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Migues v. Arkansas Department of Human Services

Court of Appeals of Arkansas, Division I

October 2, 2019

BRITTANY RYNN MIGUES APPELLANT
v.
ARKANSAS DEPARTMENT OF HUMAN SERVICES AND MINOR CHILD APPELLEES

          APPEAL FROM THE PULASKI COUNTY CIRCUIT COURT, ELEVENTH DIVISION [NO. 60JV-18-40] HONORABLE PATRICIA JAMES, JUDGE

          Tabitha McNulty, Arkansas Commission for Parent Counsel, for appellant.

          Ellen K. Howard, Office of Chief Counsel, for appellee.

          Chrestman Group, PLLC, by: Keith L. Chrestman, attorney ad litem for minor child.

          KENNETH S. HIXSON, JUDGE

         Appellant Brittany Migues appeals after the Pulaski County Circuit Court filed an order terminating her parental rights to A.T. (DOB 1-10-2017).[1] Appellant argues on appeal that the evidence was insufficient to demonstrate that termination was in A.T.'s best interest when there were multiple available relatives and the Arkansas Department of Human Services (DHS) failed to fully explore relative placement in compliance with the concurrent goal of the case established by the trial court. We affirm.

         I. Relevant Facts

         On January 12, 2018, DHS filed a petition for ex parte emergency custody and dependency-neglect of A.T. In the affidavit attached to the petition, DHS stated that a seventy-two-hour hold was exercised over A.T. due to inadequate supervision, environmental neglect, and inadequate shelter. Appellant had been homeless and lived in various shelters with A.T. After appellant was arrested on January 9, 2018, A.T. was left with another homeless friend who was unable to meet A.T.'s needs. The trial court granted the petition, finding that probable cause existed for the removal, and a probable-cause order was filed on January 17, 2018. Appellant was ordered to submit to random drug screens, complete a drug-and-alcohol assessment and follow any recommendations, complete a counseling assessment and follow any recommendations, submit to a psychological evaluation, successfully complete counseling if recommended, successfully complete parenting classes, and maintain stable housing and employment.

         In the March 7, 2018 adjudication order, A.T. was found to be dependent-neglected as a result of neglect and parental unfitness in that appellant was in jail at the time of removal and her whereabouts were unknown at the time of the adjudication hearing. The goal of the case was set to reunification with a parent, and the dependency-neglect case proceeded in the normal course with further hearings.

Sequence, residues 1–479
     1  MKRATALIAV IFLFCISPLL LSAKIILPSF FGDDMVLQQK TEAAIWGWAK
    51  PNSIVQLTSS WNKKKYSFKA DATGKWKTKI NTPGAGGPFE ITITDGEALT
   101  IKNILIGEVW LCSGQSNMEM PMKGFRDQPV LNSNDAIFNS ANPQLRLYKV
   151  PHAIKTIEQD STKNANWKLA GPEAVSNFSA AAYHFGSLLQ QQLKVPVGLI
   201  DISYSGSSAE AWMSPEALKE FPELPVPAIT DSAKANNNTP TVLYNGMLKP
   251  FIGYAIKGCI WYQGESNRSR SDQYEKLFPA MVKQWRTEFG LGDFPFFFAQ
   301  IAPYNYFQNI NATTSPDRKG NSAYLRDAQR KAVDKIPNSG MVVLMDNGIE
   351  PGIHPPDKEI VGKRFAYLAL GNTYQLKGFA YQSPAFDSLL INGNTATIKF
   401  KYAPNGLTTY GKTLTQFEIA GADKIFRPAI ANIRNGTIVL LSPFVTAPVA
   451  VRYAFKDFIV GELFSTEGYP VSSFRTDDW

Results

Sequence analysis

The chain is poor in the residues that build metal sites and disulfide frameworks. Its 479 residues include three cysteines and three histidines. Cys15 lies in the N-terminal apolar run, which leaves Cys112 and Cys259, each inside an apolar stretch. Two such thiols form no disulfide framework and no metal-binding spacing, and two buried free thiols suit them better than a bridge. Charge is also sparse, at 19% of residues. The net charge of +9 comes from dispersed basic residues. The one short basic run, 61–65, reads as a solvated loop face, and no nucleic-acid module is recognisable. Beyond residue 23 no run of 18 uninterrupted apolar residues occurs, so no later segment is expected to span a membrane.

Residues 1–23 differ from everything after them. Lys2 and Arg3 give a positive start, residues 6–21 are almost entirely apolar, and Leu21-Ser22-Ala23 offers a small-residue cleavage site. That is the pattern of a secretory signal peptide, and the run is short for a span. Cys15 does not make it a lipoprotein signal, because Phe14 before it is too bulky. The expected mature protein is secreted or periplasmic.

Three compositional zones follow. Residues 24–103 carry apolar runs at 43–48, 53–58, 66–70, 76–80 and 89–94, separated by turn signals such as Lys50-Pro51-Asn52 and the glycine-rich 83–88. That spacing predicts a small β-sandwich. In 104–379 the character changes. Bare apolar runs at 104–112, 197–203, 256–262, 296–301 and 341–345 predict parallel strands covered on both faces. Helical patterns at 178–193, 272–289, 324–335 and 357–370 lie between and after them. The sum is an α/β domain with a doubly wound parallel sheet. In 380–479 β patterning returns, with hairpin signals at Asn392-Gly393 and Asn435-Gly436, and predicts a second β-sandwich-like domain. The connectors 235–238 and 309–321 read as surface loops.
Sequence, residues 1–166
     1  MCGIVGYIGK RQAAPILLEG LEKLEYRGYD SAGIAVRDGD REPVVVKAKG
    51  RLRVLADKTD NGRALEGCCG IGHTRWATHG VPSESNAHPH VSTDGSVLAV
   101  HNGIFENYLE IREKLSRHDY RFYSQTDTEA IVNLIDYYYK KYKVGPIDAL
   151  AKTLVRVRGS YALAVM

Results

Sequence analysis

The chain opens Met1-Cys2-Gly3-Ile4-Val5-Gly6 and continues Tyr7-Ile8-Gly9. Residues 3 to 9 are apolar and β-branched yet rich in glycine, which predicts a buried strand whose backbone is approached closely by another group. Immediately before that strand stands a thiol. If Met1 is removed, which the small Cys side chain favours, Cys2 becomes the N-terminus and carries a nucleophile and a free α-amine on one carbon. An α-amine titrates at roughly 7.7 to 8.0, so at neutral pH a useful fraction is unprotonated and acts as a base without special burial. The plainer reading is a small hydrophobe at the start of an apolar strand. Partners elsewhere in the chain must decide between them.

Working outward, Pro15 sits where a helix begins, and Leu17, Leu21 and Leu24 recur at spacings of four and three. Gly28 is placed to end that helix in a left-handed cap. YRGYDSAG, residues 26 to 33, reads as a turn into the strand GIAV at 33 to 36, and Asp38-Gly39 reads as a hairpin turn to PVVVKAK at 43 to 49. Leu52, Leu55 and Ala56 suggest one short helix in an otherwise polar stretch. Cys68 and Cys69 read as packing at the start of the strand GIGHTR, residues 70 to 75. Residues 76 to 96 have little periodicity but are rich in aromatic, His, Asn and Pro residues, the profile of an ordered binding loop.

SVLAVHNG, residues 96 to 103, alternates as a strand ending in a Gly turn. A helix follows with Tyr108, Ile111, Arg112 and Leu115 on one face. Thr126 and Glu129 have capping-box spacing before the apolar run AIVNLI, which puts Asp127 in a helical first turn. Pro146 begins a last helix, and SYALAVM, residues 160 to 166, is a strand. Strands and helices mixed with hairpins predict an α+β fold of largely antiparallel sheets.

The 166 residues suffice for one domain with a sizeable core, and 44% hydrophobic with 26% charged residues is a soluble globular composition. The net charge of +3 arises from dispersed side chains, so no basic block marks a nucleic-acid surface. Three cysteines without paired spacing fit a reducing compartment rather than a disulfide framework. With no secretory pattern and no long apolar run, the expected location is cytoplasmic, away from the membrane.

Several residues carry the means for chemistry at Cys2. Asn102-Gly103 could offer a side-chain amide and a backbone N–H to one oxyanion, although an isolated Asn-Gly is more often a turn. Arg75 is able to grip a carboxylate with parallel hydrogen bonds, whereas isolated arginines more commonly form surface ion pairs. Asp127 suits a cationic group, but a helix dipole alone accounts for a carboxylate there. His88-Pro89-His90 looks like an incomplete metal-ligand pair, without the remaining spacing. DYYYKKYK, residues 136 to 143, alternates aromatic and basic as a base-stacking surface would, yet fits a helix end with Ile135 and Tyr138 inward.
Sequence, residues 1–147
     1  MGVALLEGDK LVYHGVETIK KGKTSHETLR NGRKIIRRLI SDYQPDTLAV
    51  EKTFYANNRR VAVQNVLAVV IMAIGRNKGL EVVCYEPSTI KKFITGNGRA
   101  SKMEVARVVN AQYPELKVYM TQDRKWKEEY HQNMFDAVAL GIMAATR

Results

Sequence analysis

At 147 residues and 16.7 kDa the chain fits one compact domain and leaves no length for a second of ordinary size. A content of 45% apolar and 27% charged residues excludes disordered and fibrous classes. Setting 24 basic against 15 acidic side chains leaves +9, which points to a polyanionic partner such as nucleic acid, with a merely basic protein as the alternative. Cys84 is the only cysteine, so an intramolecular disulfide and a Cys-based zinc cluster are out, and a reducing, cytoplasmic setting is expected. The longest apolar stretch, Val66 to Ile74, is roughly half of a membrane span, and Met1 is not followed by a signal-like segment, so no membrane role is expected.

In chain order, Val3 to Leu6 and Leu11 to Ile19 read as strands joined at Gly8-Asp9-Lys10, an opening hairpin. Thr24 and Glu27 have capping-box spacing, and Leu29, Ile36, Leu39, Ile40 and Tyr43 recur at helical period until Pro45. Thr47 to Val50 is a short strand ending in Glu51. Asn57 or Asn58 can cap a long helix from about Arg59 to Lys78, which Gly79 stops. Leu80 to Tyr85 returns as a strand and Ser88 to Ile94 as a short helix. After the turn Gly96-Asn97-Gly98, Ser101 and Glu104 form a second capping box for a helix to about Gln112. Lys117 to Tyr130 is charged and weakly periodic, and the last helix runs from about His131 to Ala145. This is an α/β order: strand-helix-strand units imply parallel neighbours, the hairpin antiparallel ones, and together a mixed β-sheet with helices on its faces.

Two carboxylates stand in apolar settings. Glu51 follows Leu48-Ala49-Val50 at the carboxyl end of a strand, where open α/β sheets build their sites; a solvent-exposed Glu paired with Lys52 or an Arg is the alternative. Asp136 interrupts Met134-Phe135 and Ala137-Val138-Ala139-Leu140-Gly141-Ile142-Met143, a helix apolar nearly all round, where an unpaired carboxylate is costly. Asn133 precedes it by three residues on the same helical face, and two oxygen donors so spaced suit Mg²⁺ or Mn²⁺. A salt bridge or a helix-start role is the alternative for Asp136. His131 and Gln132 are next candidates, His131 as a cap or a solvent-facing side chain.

At a July 9, 2018 review hearing, appellant testified that she had been incarcerated but had been released on January 30, 2018. She was on probation and was residing at Dorcas House. The DHS caseworker testified that the paternal great-grandmother and grandfather had been identified as potential relative-placement candidates but that they lived out of state, which required DHS to complete placement packets under the Interstate Compact on the Placement of Children (ICPC). Ark. Code Ann. § 9-29-201 to -301 (Repl. 2015). Appellant testified that she did not want A.T. placed out of state. In its order, the trial court noted that appellant was "finally getting started" with her compliance. It further changed the goal of the case to reunification with a concurrent goal of relative placement. It ordered DHS to conduct home evaluations on any appropriate, willing relatives. The trial court further noted, "Mother is adamantly against out-of-state placement of the juvenile. Mother needs to get herself healthy and stable, or these out of state relatives will be considered for long-term placement."

         A permanency-planning hearing was held on January 7, 2019. It was at this hearing that the trial court changed the goal to adoption. DHS's witness, Mary O'Connor, testified that A.T.'s paternal grandfather stated that he did not have stable placement for A.T. and that he no longer lived in the state where he had initially requested ICPC submission. Appellant had left Dorcas House, and both parents were incarcerated at the time of the hearing. The trial court found that DHS had made reasonable efforts to provide services and achieve the goal of the case. Finally, the trial court ordered DHS to "work on expedited ICPC referrals for any viable relatives that may exist. This was held up previously because of mother's adamancy that she wanted the child to remain in Arkansas at the last hearing."

         At the termination hearing, Angela Brown testified that she is the adoption specialist assigned to this case. Ms. Brown testified that there were 378 matching families that would be interested in adopting A.T.

         Brandon Taplin, A.T.'s father, testified that although he was incarcerated, either his grandmother, Adrianne Wilkerson, or father, Arthur Suggs, would be willing to take care of A.T.

         Appellant also admitted that she was incarcerated at the time of the termination hearing and could not take care of A.T. but had hoped she would receive early parole sometime later that April. She further testified that she had been in jail three times during the pendency of this case and admitted she had not fully complied with the case plan. She further admitted that she did not have any family members who would be willing to accept placement of A.T. Therefore, she requested an additional three months to show the trial court that she could gain stability and be in a position to take care of A.T. ...


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